Proof of … what?

David Foulk

Bitcoin’s raison d’être was artificial scarcity, as Juan previously pointed out. But that wasn’t the No. 1 cryptocurrency’s only practical innovation.

Everyone has, at some point, needed to trust that something will happen outside of their control.

Until Bitcoin, there were only two choices available:

1) The two parties could transact in person — fairly effective, but impractical. Or …

2) They could pass through a trusted intermediary — a bank, for instance, or a payment provider (like Visa, Mastercard or Amex). This is more practical but requires an even greater level of trust, by both parties, toward a third party. It required the hope and faith that the third party would never abuse your trust, never suffer security breaches and never fail financially.

But, what if you didn’t trust second or third parties? And what if you wanted more certainty than just the hope that they’d respect their end of the bargain?

Proof-of-Work (PoW) was the answer —
Satoshi Nakamoto, the inventor of Bitcoin.

Proof-of-Work (PoW) was Satoshi Nakamoto’s way of ensuring that the Bitcoin network would work in a way that’s not controlled by any single entity and does not require trust to function. In other words, in a decentralized, trustless manner.

A key issue this also resolved is called “double spending.” Satoshi made sure that users could not spend the same Bitcoin twice. This was done by ensuring the other party would always know that funds have been debited from your account and transferred into their own.

Essentially, it all comes down to the problem of knowing whether the other party is being honest.

How was this achieved? By adding additional blocks of (transaction) data to the blockchain and setting up the system so that most miners (those who move the transactions instead of a trusted third party) will always act in the best interests of the parties because it is in their own best interest, as well.

Incidentally, these best interests also happen to coincide with those of the network; avoiding unnecessary work and cost. This keeps the network moving, as miners are strongly incentivized to remain honest, and not play the system.

The Bitcoin network relies on solving complex equations, generating solutions that are easy to verify.

The math problems are solved in a computer’s central processing unit, the brains of the system. Then, once the solution is found, it’s broadcast across the network for easy verification by the other participants (nodes).

When the Bitcoin network first got a foothold, more miners became involved. Extra miners meant more competition to solve the mathematical problems.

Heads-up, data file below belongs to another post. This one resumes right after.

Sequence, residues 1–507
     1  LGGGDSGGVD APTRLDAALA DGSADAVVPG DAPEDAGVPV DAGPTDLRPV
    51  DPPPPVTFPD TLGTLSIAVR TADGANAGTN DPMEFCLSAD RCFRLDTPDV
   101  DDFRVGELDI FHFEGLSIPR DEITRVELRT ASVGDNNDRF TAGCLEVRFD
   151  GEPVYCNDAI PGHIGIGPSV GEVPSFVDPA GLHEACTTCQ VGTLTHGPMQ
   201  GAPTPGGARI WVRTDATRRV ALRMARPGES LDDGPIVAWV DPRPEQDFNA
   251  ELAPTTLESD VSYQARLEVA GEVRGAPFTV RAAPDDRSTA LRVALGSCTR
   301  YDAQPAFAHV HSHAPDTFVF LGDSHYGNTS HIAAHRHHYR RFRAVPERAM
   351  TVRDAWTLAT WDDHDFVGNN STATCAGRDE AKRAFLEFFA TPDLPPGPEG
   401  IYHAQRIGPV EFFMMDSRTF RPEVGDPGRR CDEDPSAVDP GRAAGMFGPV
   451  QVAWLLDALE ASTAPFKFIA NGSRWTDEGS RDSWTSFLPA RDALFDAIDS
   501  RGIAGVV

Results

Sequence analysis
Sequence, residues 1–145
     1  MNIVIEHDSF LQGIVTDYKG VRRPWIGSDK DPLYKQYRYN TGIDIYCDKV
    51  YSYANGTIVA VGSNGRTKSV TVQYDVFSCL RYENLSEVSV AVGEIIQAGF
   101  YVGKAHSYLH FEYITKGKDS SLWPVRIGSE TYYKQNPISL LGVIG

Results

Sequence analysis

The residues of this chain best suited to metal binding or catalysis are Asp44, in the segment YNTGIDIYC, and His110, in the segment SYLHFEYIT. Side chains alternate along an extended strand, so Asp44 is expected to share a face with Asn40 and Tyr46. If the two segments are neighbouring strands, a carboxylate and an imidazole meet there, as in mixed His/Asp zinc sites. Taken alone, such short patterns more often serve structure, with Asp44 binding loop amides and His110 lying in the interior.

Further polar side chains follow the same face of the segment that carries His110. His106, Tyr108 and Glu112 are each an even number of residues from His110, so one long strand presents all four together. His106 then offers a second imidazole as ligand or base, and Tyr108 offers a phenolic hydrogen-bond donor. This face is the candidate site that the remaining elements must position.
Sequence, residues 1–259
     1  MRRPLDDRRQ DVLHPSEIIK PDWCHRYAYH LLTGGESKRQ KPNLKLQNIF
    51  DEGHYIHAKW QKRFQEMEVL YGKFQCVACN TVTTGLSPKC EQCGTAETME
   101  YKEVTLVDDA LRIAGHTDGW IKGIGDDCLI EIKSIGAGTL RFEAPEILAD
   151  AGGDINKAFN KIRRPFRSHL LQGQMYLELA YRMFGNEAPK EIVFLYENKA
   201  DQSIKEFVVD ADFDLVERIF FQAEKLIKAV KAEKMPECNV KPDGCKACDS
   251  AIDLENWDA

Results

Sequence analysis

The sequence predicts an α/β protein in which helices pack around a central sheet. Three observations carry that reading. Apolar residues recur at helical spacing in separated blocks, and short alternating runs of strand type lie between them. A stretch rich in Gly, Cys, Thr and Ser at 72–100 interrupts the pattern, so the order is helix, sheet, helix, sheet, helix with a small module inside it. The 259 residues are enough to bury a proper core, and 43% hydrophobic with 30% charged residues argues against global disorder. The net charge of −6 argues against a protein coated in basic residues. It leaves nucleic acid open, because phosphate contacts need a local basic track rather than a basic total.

Satoshi designed the Bitcoin system in such a way that this problem-solving would get more difficult as the number of participants increased. That meant more computer power and runtime — which, in turn, meant more electric energy needed to solve the same mathematical problems.

When people talk of Bitcoin needing the entire energy supply of countries in order to function, you can begin to understand why.

As we learned in physics, energy cannot be created from nothing; it can only be transferred from one form to another.

Without the spent computer energy, there would be nothing at stake. People could game the system. It is a proof that work has been done. And that’s what acts as a barrier to those who may want to harm the network by spamming, canceling and altering previous transactions.

Why go to all this trouble? It’s necessary to achieve consensus, or agreement, among participants on the network.

Somebody must be chosen to add the next block onto the blockchain. They are consensually selected because they are the ones who have solved the mathematical equations that I mentioned earlier. Whoever is chosen receives the reward of newly minted Bitcoins and adds the transaction data to the network.

Is Proof-of-Work problematic? For some, the additional energy spent on ensuring Bitcoin’s move from one place to another is extremely costly, at least environmentally. This energy could have been used elsewhere, they argue — the opportunity cost is high, especially when many have no access to a functional electricity supply.

However, one thing is for sure. The Bitcoin network began running in January 2009 and the security of the network has yet to be compromised.

Proof-of-Work does what it says on the tin can!

In a future issue, we will talk about another emerging solution that certain coins have adopted to solve the need for a trusted intermediary — Proof-of-Stake (PoS).

The big questions: Will Proof-of-Work die a death? Or is it just getting started?

What do you think?


David Foulk

Comments 5

Les August 24, 2018

Unlike credit cards which have become standard worldwide…..Blockchain is safer with no third party involved. If the speed and the high energy problems can be solved blockchain will eventually become the universal form of currency and trade.

David Foulk reply_all Les August 31, 2018

Awareness breeds familiarity and, with that, confidence will come. Once confidence is acquired, adoption won’t be far away.